Training, as long as it is positive, is probably the best stimulation because it has the added benefit of teaching necessary behaviors. Obedience training is great, but I personally prefer trick training because it tends to be more relaxed and fun for both owner and dog. Learning tricks can build confidence as well as building a repertoire of more useful behaviors, like turning on and off the lights or closing doors.

Using the senses can also be stimulating. A change of environment like a new park to visit isn’t a big deal to us but it is like a trip to Disneyland for your dog. Explore a new location, take walks in unfamiliar places and enjoy the view while your dog savors the smells. A change in view for dogs that are kenneled, or the opportunity to investigate new smells can enhance the quality of life. The introduction of novelty to your dog in the form of something new to climb on like a platform, go under or through like a play tunnel, or walk across can strengthen muscles, builds confidence and even stave off boredom. Even music can be beneficial as it can reduce stress and increase calmness.

SOCIAL ENRICHMENT Another form of enrichment is to provide your dog with an active social life. Whenever appropriate, a social life should include contact with other dogs. Dog-friendly dogs can make new friends at local dog parks or in well run day camps. They can reunite with their regular doggie friends through scheduled play dates. Vary your playdates to include different locations to really pique their interest.  It is also very important to include humans in their social life too. There is no doubt that dogs, who have been domesticated to be companions, need interaction with us. Play with your dog, pet him and talk to him! You are the highlight of his day. Find things that your dog enjoys that you can do together. Consider taking a class with your dog. It doesn’t matter which one as long as you have fun and the interactions are positive. Take your dog with you to an outdoor cafe where he will meet new admirers. If your dog is uncomfortable with other dogs or people you will naturally have to tailor these activities to ensure everyone’s comfort and safety.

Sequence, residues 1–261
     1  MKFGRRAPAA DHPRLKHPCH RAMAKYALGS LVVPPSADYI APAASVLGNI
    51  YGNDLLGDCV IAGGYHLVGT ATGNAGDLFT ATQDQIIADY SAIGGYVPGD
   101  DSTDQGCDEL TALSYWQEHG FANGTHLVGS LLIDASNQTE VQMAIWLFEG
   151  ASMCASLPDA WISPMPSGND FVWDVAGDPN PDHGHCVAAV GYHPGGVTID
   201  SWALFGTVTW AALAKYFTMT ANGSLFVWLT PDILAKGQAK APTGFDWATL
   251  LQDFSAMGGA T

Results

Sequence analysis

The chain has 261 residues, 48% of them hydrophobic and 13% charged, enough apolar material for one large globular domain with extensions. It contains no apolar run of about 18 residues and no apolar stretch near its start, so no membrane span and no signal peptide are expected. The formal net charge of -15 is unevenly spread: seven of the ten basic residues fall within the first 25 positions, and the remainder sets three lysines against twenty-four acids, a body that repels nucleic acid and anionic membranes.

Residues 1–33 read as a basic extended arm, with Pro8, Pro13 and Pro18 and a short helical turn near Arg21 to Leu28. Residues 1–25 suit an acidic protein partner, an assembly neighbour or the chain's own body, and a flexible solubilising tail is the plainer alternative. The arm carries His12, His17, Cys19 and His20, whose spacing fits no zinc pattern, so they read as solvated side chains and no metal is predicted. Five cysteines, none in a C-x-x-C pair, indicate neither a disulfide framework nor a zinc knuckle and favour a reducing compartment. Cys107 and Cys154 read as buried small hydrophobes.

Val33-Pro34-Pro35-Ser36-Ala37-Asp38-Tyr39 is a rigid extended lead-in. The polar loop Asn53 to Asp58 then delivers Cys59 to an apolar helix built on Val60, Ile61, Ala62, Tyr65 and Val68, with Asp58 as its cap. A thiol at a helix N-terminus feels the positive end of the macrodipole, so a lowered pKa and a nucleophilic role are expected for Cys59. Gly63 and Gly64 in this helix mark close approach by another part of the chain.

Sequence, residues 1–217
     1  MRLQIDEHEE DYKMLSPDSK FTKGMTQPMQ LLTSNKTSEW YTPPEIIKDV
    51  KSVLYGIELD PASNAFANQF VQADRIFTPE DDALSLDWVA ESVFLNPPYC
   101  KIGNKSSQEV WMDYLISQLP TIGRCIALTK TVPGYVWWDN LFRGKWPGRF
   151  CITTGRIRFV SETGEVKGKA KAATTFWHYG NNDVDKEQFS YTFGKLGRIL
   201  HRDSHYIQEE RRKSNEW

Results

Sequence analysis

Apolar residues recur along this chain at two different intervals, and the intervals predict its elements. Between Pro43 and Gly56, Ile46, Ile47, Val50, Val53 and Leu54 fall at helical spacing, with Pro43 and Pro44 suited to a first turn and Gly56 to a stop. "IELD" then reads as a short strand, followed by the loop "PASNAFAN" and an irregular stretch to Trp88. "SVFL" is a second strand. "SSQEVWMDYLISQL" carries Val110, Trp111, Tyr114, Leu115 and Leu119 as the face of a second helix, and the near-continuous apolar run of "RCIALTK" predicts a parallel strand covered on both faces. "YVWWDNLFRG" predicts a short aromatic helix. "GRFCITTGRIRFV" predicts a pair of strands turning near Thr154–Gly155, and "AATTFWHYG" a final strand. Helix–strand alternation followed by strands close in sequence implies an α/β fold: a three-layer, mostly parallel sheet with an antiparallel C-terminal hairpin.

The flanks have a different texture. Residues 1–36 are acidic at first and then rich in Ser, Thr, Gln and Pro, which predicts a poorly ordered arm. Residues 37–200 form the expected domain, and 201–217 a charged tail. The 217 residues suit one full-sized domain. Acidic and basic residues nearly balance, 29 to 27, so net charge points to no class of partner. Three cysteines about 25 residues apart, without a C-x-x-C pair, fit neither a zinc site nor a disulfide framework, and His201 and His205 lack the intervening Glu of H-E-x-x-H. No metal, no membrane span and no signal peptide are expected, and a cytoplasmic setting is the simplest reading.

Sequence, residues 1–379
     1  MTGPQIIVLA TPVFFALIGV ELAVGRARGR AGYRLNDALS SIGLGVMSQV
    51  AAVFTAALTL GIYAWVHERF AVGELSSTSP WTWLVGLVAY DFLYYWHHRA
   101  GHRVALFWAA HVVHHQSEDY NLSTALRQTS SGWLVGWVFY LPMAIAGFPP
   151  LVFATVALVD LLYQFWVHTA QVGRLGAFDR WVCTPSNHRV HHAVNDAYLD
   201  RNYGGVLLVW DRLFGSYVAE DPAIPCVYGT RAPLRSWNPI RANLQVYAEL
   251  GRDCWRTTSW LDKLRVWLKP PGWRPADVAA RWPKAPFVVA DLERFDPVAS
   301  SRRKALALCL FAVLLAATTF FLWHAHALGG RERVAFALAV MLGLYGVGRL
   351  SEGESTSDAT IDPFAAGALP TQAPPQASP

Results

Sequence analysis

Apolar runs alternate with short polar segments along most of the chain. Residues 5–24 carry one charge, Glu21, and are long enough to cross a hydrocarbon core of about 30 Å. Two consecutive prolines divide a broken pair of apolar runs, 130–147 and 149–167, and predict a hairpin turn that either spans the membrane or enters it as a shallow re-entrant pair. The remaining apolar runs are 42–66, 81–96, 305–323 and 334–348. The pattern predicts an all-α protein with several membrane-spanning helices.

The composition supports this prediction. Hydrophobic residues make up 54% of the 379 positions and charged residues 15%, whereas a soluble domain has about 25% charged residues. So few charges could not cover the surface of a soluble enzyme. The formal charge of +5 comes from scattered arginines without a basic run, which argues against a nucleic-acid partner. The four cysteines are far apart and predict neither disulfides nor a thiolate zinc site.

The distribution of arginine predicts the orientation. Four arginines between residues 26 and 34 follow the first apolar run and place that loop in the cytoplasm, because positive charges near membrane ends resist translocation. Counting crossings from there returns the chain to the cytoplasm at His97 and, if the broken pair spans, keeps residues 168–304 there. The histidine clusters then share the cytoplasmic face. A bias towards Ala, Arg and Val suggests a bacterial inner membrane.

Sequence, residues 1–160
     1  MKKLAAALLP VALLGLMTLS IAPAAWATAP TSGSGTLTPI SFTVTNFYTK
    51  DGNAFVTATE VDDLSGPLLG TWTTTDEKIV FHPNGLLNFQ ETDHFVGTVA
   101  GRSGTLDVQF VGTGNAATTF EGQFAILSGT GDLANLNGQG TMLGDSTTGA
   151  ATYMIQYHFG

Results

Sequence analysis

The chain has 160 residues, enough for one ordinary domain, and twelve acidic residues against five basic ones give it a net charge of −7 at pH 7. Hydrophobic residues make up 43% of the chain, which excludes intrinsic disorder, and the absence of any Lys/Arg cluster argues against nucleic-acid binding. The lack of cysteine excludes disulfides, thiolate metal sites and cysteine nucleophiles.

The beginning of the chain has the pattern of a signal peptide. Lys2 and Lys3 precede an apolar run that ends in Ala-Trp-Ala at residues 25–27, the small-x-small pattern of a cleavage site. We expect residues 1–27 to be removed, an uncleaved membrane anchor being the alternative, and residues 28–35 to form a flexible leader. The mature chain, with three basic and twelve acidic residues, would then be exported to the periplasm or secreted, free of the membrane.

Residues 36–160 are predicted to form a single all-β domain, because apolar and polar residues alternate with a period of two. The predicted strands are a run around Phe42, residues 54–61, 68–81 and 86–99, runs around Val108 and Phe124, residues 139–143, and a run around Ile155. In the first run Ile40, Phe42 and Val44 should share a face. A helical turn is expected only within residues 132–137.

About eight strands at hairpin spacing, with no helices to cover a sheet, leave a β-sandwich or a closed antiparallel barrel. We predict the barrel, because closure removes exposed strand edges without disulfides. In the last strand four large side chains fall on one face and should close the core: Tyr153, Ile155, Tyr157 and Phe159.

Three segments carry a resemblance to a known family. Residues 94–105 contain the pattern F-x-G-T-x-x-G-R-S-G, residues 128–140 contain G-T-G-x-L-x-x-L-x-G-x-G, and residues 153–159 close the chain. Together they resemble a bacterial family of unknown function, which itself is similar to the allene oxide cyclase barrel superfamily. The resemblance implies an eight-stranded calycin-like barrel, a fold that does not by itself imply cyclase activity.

PHYSICAL EXERCISE Physical exercise is more than just a stroll around the neighborhood as most people find out to their dismay. For a dog to be truly exercised, they must run.  This is especially true of younger dogs who have a surplus of energy. Games like fetch, tug, and hide and seek are great ways to get your dog to burn off steam. Sports training like agility, flyball, disc dog and lure coursing combine thinking with physical activity and are a great outlet for active dogs.

THE OLD DOG Enrichment is not just for young dogs, old dogs need it too, maybe even more.  A good enrichment program can help to keep cognitive dysfunction at bay. Just like humans, if the brain isn’t used regularly, it can begin to decline in its abilities.

BENEFITS A good enrichment program will increase your dog’s quality of life and help them get the most enjoyment out of their lives for as long as possible. It will provide enjoyment for you as well, as you watch them become expert problem solvers, social butterflies, and rapid learners. Most importantly, it will enable them to keep those abilities into their senior years. Some progressive dog day camps provide structured programs of mental stimulation along with physical activity.  These facilities can make your job easier and even offer you guidance and suggestions to improve your own enrichment program at home. Playing mind games with your dog will enrich his life, strengthen your relationship and keep you together for longer.

ELISABETH CATALANO, CPDT, CDBC, is a professional dog trainer and behavior counselor with more than 20 years of experience in dealing with canine behavior problems. She is the Director of Behavior and Training of The Coventry School, Inc. for Dogs and Their People. Elisabeth is skilled in behavior modification techniques and is committed to scientifically based animal training and the use of positive reinforcement methods. She is a member of the Association of Pet Dog Trainers, The International Association of Animal Behavior Consultants and The Animal Behavior Society.